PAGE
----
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Enzalutamide (Xtandi) More Effective Than Bicalutamid in Prostate Cancer Trial
Positive results from a phase 2 study of enzalutamide (Xtandi, Astellas US/Medivation, Inc.) compared with bicalutamide in patients with metastatic castration-resistant prostate cancer have been published online in Lancet Oncology.
The TERRAIN trial enrolled 375 patients in North America and Europe. The study enrolled patients with metastatic prostate cancer whose disease had progressed despite treatment with a luteinizing hormone-releasing hormone (LHRH) analogue or after surgical castration. The study’s primary endpoint was progression-free survival (PFS), defined as the time from randomization to centrally confirmed radiographic progression, a skeletal-related event, the initiation of new antineoplastic therapy, or death, whichever occurred first. The trial was designed to compare enzalutamide 160 mg once daily with bicalutamide 50 mg once daily, the approved dose in combination with an LHRH analogue.
The study achieved its primary endpoint, demonstrating a statistically significant increase in PFS for enzalutamide compared with bicalutamide (hazard ratio, 0.44; P < 0.0001). The median PFS was 15.7 months in the enzalutamide group compared with 5.8 months in the bicalutamide group. The median treatment periods were 11.7 months in the enzalutamide group and 5.8 months in the bicalutamide group.
Serious adverse events were reported in 31.1% of enzalutamide-treated patients and in 23.0% of bicalutamide-treated patients. Individual grade-3 or higher adverse events largely occurred at a similar rate between the two treatment groups, with the exception of hypertension (7.1% for enzalutamide versus 4.2% for bicalutamide) and back pain (2.7% versus 1.6%). Grade-3 or higher cardiac events were reported in 5.5% of enzalutamide-treated patients compared with 2.1% of bicalutamide-treated patients. Two seizures were reported in the enzalutamide group and one in the bicalutamide group. The most common adverse events associated with enzalutamide therapy included fatigue, back pain, hot flush, hypertension, diarrhea, decreased weight, and pain in an extremity.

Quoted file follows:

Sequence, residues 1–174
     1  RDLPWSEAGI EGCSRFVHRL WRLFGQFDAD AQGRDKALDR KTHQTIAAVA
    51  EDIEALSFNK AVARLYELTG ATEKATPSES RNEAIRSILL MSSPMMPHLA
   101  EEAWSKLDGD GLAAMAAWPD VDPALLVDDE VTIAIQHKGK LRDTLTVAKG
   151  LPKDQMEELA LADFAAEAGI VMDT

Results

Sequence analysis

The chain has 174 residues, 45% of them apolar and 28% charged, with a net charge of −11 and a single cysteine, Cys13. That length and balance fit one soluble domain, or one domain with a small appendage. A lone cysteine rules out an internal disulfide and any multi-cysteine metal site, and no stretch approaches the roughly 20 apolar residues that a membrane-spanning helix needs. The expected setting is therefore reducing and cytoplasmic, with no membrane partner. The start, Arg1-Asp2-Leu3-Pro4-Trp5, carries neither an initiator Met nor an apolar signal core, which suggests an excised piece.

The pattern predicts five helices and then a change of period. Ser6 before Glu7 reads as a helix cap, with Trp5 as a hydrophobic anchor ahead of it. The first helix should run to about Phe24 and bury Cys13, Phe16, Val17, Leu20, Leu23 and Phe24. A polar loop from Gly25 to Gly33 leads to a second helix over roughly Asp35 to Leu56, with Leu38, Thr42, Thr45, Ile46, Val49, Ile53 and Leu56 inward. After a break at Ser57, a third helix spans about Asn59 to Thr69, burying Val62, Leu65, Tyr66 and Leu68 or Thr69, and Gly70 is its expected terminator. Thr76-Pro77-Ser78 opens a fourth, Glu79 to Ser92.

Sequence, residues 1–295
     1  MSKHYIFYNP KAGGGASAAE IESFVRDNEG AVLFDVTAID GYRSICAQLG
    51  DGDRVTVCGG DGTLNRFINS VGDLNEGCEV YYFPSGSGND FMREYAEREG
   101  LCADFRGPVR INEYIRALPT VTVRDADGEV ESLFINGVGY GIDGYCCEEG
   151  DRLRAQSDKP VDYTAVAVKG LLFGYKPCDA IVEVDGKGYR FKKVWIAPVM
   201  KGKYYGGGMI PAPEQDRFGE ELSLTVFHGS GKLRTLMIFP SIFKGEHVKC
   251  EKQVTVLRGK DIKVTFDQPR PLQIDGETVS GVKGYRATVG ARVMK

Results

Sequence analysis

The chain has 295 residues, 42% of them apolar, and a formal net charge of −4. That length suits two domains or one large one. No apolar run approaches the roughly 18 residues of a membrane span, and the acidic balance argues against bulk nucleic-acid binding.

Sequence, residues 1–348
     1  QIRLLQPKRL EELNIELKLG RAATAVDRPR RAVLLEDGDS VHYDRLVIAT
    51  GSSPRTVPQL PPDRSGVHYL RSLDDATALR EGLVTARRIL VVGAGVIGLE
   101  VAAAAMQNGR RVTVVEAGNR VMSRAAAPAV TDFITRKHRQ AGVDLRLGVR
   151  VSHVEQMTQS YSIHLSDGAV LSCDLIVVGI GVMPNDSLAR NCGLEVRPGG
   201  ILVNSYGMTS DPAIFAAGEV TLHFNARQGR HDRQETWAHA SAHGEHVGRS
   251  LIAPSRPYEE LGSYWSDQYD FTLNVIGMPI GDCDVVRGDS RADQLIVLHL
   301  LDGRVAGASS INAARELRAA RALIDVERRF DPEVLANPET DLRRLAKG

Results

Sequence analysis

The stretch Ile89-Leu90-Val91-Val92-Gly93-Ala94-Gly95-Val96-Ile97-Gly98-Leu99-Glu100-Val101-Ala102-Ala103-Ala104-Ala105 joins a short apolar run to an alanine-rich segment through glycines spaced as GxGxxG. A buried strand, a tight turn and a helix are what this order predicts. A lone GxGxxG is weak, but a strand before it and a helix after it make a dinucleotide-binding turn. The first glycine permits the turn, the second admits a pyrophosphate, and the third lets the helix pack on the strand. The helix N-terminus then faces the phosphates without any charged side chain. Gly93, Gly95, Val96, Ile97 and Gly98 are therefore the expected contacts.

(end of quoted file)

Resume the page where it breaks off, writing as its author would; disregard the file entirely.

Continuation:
Enzalutamide is an androgen receptor inhibitor that acts on multiple steps in the androgen receptor signaling pathway within tumor cells. In preclinical studies, enzalutamide was shown to competitively inhibit androgen binding to androgen receptors, and to inhibit androgen receptor nuclear translocation and interaction with DNA. The treatment is approved by the FDA for patients with metastatic castration-resistant prostate cancer.
Source: Astellas US; January 13, 2016.